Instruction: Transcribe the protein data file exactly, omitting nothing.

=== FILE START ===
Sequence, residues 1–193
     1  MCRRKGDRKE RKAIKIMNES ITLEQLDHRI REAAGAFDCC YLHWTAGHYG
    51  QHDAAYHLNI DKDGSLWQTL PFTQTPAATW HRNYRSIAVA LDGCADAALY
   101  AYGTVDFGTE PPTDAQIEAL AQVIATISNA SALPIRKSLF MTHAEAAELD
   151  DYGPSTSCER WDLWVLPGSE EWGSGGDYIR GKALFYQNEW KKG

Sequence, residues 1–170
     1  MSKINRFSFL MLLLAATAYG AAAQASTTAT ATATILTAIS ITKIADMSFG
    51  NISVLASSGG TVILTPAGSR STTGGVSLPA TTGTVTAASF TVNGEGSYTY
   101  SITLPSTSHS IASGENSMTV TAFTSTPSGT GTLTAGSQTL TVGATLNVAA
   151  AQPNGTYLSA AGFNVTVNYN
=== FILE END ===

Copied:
Sequence, residues 1–193
     1  MCRRKGDRKE RKAIKIMNES ITLEQLDHRI REAAGAFDCC YLHWTAGHYG
    51  QHDAAYHLNI DKDGSLWQTL PFTQTPAATW HRNYRSIAVA LDGCADAALY
   101  AYGTVDFGTE PPTDAQIEAL AQVIATISNA SALPIRKSLF MTHAEAAELD
   151  DYGPSTSCER WDLWVLPGSE EWGSGGDYIR GKALFYQNEW KKG

Sequence, residues 1–170
     1  MSKINRFSFL MLLLAATAYG AAAQASTTAT ATATILTAIS ITKIADMSFG
    51  NISVLASSGG TVILTPAGSR STTGGVSLPA TTGTVTAASF TVNGEGSYTY
   101  SITLPSTSHS IASGENSMTV TAFTSTPSGT GTLTAGSQTL TVGATLNVAA
   151  AQPNGTYLSA AGFNVTVNYN